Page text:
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We Make $56,000/Year and We’re Paying Our House Off Early

Welcome to YNAB Money Snapshots—where you see a real picture of someone else’s budget and finances. They’re all anonymous, because sharing money is still a squirrelly topic for many, but we think airing them out in the open makes you better with your own money story. 

As you read these budgets, keep in mind that some people make lots of money and some people make a little bit of money, but we know it’s what you do with that money and how you feel about that money means more than any yearly salary. 

See how a family in Oklahoma making $56,000 a year spent their money in April.


  • Names: Nikki & Jim
  • Ages: 33 & 32
  • Location: Oklahoma
  • Jobs: Administrative Assistant & Stay-at-Home Parent
  • Living situation: Married with a toddler

Income: $56,000

Savings: $64,185

  • 401K: $42,500 (we put aside 15% of my income, plus my company provides a 3% match)
  • Checking: $1,000
  • High-yield savings: $20,685 (this is our emergency fund and sinking funds)

Debt: $86,500

  • $86,500 (mortgage only)

April Inflows: $5,662

  • Amazon card: $7
  • American Express: $49
  • Capital One Cash Back: $11
  • Stimulus Payment: $2,900
  • Payroll: $2,664
  • Monthly Interest earned: $30

April Budget

About Our Budget

We live in a low cost of living city, cook from scratch (and shop at Aldi), and live very simply. We drive a hybrid and I only commute a few miles. In a typical month, we rarely spend more than $70 or so on fuel.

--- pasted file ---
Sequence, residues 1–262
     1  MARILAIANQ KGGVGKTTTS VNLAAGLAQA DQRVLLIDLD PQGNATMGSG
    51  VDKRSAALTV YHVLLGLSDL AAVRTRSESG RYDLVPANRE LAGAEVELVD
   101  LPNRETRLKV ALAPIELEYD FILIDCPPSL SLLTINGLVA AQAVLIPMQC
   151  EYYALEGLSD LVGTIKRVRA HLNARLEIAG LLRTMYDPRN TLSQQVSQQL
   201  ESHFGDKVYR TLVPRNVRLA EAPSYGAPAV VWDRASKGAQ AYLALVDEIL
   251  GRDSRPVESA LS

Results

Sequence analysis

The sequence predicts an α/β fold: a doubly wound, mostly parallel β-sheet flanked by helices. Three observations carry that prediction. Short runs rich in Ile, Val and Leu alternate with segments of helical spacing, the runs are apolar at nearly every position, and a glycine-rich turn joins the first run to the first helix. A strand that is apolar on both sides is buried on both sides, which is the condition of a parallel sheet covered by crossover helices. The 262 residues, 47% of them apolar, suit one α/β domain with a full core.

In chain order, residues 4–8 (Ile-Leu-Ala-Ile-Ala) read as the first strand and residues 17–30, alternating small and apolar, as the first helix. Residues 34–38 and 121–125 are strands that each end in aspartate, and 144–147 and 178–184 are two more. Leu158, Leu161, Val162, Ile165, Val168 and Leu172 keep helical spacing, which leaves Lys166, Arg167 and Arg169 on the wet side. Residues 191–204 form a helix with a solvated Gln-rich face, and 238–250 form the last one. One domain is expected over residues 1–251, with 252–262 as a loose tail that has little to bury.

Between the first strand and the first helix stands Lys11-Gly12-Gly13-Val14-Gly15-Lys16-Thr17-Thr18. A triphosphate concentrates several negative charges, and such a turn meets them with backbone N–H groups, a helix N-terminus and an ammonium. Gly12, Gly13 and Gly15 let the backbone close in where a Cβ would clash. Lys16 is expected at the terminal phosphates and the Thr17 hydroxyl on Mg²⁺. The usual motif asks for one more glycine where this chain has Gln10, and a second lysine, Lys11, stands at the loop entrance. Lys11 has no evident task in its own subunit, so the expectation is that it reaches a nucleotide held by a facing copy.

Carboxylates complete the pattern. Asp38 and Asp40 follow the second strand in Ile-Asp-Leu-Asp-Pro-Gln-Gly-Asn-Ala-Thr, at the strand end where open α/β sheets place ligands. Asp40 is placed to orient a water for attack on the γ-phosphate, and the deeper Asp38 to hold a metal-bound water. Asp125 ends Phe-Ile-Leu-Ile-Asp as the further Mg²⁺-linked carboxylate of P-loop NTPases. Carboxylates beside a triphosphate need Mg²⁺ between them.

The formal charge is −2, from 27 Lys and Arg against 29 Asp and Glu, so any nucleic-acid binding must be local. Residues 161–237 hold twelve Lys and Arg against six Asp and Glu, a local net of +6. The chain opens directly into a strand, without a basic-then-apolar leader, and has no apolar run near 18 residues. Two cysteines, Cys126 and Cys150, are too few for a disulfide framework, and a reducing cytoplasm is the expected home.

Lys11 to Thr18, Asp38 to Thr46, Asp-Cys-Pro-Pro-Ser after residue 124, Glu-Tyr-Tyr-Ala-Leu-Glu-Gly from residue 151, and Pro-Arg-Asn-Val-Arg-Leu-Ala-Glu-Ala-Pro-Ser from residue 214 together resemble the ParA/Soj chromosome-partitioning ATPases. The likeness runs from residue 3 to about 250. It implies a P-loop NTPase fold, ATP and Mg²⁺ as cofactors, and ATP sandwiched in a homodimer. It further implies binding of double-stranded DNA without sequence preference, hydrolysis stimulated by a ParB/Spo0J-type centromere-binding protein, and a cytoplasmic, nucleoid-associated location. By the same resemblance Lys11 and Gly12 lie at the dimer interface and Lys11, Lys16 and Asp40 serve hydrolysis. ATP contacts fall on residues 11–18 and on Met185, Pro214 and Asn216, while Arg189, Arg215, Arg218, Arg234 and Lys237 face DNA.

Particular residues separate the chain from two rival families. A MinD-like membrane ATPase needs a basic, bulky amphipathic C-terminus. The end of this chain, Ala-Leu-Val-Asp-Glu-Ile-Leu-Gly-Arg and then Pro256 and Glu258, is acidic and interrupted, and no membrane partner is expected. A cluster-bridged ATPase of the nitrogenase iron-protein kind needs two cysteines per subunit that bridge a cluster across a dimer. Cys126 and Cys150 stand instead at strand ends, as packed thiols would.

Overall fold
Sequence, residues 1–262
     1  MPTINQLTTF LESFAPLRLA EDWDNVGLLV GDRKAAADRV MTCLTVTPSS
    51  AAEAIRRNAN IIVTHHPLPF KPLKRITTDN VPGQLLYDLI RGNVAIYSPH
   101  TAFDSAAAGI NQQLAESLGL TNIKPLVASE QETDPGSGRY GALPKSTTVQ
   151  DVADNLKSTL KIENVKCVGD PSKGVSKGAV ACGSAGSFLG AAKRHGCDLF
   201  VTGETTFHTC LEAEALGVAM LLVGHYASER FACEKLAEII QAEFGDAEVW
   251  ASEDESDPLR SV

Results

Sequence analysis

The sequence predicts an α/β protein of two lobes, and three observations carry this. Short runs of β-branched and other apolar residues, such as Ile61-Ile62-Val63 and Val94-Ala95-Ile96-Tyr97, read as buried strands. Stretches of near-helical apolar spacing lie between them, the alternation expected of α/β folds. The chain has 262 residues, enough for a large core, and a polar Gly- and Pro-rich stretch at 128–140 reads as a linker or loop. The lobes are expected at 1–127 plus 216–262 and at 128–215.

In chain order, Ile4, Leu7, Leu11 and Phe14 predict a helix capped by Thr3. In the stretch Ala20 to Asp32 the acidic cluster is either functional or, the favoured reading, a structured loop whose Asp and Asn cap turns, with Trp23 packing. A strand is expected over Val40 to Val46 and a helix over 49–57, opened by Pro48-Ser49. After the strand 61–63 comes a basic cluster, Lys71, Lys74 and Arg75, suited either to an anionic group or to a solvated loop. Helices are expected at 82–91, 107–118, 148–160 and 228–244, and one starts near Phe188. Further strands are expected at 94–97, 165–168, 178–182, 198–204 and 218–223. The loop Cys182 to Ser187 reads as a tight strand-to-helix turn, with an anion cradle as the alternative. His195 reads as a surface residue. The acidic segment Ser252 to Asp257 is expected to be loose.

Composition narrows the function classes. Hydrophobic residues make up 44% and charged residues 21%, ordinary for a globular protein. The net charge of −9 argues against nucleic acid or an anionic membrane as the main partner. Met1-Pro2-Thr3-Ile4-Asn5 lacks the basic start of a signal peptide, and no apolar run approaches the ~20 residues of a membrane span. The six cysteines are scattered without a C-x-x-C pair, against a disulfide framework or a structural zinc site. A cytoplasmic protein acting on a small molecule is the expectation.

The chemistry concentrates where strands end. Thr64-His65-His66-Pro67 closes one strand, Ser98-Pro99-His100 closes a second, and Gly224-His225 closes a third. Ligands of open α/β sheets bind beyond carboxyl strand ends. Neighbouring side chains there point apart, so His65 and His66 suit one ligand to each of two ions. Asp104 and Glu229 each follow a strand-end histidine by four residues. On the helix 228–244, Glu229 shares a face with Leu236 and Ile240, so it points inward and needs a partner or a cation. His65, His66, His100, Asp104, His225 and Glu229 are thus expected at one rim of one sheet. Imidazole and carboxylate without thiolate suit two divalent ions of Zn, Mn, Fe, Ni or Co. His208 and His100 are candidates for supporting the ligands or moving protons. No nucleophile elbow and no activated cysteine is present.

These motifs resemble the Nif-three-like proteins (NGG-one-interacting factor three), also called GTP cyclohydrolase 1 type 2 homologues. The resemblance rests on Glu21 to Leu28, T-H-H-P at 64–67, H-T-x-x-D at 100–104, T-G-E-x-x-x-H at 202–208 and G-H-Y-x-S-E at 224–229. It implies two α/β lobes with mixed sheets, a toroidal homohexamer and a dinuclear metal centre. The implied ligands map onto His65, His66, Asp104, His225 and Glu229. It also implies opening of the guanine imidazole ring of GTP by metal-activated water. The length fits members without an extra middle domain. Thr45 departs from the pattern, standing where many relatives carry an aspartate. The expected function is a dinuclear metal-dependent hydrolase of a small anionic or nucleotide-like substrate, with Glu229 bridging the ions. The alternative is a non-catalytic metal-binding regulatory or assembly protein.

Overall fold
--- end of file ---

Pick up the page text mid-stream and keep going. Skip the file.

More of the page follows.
We'll have high and low spending months. Because our money is “old” (currently 191 days), we have a lot of money sitting in sinking funds from prior months. So we spend “old money”, which makes it appear that we spend more than we make.

We live on last month’s money, and here’s how I ensure that happens: 

  • Each month, we send money from our paychecks into a "Next Month's Budget" category 
  • At the beginning of a month, we take the money from that category and move it “To Be Budgeted”
  • Then we budget that money out to use for this month’s expenses

This setup helps me to not overspend and inadvertently take money from the upcoming month. If I overspend, I have to move money from the available funds for that month and not from the money we have set aside for the next month.

My Savings Categories

Right now my top savings goals are:

  1. Save 15% to our 401(k)
  2. Max out our FSA (about $2600/year)
  3. Save for a new (to us) car

One of our vehicles is over 100k miles and the other is over 200k. We're expecting to replace the oldest one within 3-5 years and are working towards saving $12,000 to replace it in cash.

My Month

COVID-19 made it anything but a normal month. Thankfully, I'm still essential and can work from home, so our income wasn't affected. We spent $0 on fuel (normally $70). I also spent way more than normal on clothing (I'd been saving for some updates to my workwear wardrobe and took advantage of all the online sales—that came out of my personal category since it wasn’t really necessary). We also bought take-out a few times to support local restaurants and paid for grocery delivery twice. Our 6-month auto insurance premium was also due this month and we shipped Mother's Day gifts to both our moms.